Saturday, April 13, 2013

Standing Up for Bookstores & the City (in Biblioteca Marciana)

Yesterday at high noon over 100 published authors and illustrators who call Venice home gathered at Jacopo Sansovino's great 16th-century Biblioteca Marciana to call attention to the ever-diminishing number of bookstores in the city and present a list of requests aimed to prevent more loss.

The decision to hold the press conference--entitled "Venice, City of Readers"--at Biblioteca Marciana was of course a symbolic decision meant to evoke Venice's immense role in the history of the printed word. The Biblioteca was itself the first state library in the world and Venice the adopted home and workplace of the seminal printer and publisher Aldo Manuzio (or Aldus Manutius, as he's also known). In fact, the city's religious tolerance--inspired no doubt by its commerce with the East--enabled the city to become the center of early print culture, drawing the most talented printers in Europe to work in the lagoon, and both the first complete Talmud and the first printed Arabic Qur'an were published here (in 1520-23 and 1537-38, respectively).

But though the primary focus of yesterday's event was on bookstores and the printed word, and the panel of speakers (including two winners of Italy's most prestigious literary awards) were surrounded by philosophers painted by the likes of Tintoretto, the overarching concern was, as it always is now, whether the city and its residents can survive the onslaught of Total Tourism (or fondamentalismo turistico, as the Italian version of the program put it). It was a call not just to legislators or politicians or city administrators, but to all of us to be aware of our own capacity to help or to harm the city, and to take responsibility for the choices we make rather than indulging in the lazy and willfully mystifying fiction of some purportedly inevitable "logic of the marketplace".

The full text of the requests signed by the more than 100 published authors and illustrators can be found in English, Italian, French and German by clicking on the links below. In the interest of full-disclosure I should note that I contributed some last-minute re-writes to the English translation of the text and was also one of the signers of the document.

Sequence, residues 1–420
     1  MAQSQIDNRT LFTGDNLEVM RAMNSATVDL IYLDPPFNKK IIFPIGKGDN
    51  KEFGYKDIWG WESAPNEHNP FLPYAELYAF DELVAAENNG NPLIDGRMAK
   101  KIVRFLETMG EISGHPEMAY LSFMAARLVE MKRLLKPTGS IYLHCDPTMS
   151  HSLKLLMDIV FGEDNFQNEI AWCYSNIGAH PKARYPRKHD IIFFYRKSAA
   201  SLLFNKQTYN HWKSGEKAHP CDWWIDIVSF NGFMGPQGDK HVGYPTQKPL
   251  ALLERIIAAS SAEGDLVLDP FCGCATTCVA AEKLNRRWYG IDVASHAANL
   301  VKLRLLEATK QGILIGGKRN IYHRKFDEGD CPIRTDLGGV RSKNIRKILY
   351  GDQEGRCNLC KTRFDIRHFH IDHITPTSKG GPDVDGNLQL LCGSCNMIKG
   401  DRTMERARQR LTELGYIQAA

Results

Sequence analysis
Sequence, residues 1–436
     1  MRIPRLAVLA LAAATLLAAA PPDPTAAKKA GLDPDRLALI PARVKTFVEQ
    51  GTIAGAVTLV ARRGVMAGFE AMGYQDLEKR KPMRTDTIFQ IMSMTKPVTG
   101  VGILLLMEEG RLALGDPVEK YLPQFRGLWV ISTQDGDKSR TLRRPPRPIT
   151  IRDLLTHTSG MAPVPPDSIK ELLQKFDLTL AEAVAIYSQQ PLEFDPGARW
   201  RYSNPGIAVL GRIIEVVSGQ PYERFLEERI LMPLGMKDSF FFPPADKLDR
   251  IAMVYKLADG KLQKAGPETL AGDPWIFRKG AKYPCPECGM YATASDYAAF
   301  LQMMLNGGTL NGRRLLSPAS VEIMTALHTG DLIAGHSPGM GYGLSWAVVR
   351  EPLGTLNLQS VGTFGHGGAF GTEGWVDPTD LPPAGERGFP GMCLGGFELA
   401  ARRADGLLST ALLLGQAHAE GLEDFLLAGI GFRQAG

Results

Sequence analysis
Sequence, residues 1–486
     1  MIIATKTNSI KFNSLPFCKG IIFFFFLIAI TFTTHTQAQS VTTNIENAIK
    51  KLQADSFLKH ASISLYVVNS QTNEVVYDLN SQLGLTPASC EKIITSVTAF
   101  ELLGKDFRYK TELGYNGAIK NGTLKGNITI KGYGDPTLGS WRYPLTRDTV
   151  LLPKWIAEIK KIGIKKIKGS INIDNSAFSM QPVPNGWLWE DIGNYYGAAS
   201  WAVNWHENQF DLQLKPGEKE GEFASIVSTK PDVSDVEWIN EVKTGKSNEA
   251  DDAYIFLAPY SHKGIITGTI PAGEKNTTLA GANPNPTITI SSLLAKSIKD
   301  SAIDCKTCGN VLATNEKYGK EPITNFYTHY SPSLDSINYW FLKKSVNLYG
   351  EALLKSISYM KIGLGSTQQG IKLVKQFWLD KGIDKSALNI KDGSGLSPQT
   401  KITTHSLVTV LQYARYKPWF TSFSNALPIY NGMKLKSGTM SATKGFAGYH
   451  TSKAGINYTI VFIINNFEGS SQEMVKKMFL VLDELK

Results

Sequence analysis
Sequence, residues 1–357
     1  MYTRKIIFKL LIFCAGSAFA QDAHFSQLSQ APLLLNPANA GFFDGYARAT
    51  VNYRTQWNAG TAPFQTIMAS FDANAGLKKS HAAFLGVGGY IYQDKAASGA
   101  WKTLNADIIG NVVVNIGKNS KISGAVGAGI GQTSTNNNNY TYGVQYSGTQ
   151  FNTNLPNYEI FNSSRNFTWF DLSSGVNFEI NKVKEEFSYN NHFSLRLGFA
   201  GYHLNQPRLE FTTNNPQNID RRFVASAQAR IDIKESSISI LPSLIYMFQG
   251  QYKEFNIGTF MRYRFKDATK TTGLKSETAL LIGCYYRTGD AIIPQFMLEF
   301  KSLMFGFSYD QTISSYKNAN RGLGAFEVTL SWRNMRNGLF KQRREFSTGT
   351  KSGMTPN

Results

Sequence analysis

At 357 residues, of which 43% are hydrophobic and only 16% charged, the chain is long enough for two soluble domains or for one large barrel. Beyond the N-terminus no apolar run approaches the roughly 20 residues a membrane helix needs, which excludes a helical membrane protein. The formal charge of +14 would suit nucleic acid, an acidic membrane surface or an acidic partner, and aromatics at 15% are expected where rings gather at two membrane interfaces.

A video of the complete presentation in the Biblioteca Marciana can be watched by clicking on the following link (about 1 hour, in Italian):


  1. I;m so glad to see people taking an interest in this issue. I was heartbroken during my visit last year to discover that the large Mondadori store (or was it a Feltrinelli?) near San Marco had closed. Thank goodness the bookstore in my old neighborhood of Dorsoduro is still around. Still, it seems to be getting more and more difficult to shop for books in the city. I wish much success to this great initiative!

    1. The loss of the the Mondadori was a big one, Val, as they hosted a lot of readings and other events throughout the year; it left a sizable hole in the cultural life of a fair number of Venetians. When I first returned to Venice in 2010 after a long absence I was so pleasantly surprised to find a bookstore in an area I'd remembered as being devoted entirely to the priciest boutiques. Unfortunately, it didn't last.

      The bookstore in Dorsoduro seems to be doing well--"seems" being a key word whenever talking about bookstores--and perhaps this initiative will call more attention to the importance of bookstores in the city's life and allow them to survive. Speriamo.